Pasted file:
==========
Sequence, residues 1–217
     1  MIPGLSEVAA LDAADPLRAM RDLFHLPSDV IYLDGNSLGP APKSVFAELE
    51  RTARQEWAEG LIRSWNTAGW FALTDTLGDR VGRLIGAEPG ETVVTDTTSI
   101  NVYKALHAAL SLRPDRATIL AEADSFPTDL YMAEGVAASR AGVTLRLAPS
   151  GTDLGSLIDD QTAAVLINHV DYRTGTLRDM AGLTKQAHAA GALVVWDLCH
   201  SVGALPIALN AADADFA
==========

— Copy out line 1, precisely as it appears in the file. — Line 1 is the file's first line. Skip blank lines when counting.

Sequence, residues 1–217